Myanmar artist Po Po erotic sculpture silk pillows

You’ll never look a silk pillow the same way again, once you’ve seen Myanmar artist Po Po’s art installations. Your bedtime companion will have taken a new, more sensual turn – for better or worse. Curious? Head down to Yavuz Gallery for the artist’s solo exhibition, Out Of Myth, Onto_Logical, a curation of Po Po’s works created from 1982 to 1997.

Greek mythology forms the reference point for the artist’s silk pillow works, four of which are part of the exhibition. (Yes, pillows and Greek mythology – who would have thought?) Narcissus (below) is composed of a silk pillow bound in rope and lying on a mirror – in the myth, the vain youth Narcissus falls in love with his own reflection in the river (he didn’t know it was his own face in the water) and eventually commits suicide because the love is unrequited.

Myanmar artist Po Po Narcissus

Another interesting piece is Erotic (top of page), in which two pink silk pillows are entwined as if they’re embracing. The effect is strangely sensual – not at all what you’d expect from a sculpture of pillows. Ditto for Three Graces (below) – Po Po’s interpretation of the three daughters of Zeus, typically depicted as nudes in classical art. The artist uses iron stakes to hold up the silk pillows here, bent in  oddly human-like postures.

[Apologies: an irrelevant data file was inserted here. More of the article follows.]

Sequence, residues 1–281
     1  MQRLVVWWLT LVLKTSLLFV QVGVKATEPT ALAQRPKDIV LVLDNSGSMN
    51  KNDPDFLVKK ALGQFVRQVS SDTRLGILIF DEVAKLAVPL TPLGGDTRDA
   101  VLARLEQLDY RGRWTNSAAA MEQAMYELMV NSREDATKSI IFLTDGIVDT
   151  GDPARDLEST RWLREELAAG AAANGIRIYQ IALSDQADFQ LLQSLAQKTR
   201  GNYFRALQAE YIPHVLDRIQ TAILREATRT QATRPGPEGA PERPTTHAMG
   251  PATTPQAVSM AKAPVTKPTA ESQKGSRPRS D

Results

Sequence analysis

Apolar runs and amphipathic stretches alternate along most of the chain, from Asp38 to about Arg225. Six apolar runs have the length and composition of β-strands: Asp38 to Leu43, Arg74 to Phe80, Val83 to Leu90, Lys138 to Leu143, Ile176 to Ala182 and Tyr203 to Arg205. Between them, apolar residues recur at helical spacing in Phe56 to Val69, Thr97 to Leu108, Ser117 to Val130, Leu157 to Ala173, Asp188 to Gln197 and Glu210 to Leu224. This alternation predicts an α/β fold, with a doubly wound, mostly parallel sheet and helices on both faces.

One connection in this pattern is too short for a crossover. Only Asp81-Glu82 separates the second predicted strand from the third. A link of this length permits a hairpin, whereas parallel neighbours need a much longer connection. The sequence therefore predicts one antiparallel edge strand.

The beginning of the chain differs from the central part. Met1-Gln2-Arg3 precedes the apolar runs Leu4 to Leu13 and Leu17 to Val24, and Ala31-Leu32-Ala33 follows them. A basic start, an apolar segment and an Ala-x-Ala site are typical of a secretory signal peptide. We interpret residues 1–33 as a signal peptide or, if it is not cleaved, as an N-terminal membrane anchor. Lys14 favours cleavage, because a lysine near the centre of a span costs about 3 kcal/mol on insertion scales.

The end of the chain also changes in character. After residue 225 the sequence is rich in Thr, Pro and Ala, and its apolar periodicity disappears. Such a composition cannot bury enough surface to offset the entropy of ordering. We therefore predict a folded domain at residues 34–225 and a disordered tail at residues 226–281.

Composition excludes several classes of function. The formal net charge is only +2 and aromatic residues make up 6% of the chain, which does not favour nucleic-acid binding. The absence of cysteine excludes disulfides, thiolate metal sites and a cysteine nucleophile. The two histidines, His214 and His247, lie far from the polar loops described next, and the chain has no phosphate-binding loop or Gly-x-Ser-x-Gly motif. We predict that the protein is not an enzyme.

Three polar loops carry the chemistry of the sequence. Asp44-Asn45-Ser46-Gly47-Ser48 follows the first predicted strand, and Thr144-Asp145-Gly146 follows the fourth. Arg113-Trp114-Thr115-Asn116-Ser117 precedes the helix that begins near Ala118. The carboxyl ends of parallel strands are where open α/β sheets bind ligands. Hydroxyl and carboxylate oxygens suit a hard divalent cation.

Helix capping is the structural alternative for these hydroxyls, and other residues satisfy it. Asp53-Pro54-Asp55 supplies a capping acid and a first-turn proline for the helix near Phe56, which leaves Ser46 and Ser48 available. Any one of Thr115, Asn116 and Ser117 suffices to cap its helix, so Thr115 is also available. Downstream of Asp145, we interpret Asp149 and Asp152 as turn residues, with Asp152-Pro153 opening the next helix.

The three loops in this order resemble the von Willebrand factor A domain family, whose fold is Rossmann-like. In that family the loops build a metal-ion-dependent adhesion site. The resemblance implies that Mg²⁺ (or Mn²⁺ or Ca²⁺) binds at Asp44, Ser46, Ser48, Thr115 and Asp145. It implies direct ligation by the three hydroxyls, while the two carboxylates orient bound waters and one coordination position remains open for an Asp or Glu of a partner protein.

Myanmar artist Po Po Three Graces sculpture silk pillows

Controlled Tejo is another must-see. In Pali, a Buddhist scriptural language, the word “tejo” means “fire”. Part of a series of four works based on the four elements (fire, wind, water, earth) , this installation features fluorescent lights held captive in a crate. Another, Controlled Apo (“apo” is “water”), is a block of ice set in a crate that will melt slowly over time. (Good luck bringing that one home with you – I’ve got my eye on Controlled Tejo, much more mobile.)

Myanmar artist Po Po Controlled Tejo
Controlled Tejo
Myanmar artist Po Po Controlled Apo
Controlled Apo – a block of ice set in a crate

Also at Po Po’s solo show – these three tactile pieces. Titled Painting for the Blind I, II and III (below), these are made with enamel and oil on canvas, with nails thrown in.

Myanmar artist Po Po Paint for the Blind

No more spoilers here – you’ll just have to see the rest of the 18 installations yourself at Yavuz Gallery. On Aug 1, there’s even a talk by the artist himself at 3pm-4pm, moderated by Nathalie Johnston, the curator of the exhibition.
Myanmar artist Po Po’s solo exhibition Out Of Myth, Onto_Logical begins on August 1 at Yavuz Gallery (Gillman Barracks, 9 Lock Road, #02-23). Through Sept 13. All photos courtesy of Yavuz Gallery.

Like this? Check out this exhibition of archival photos of Singapore at the Artscience Museum.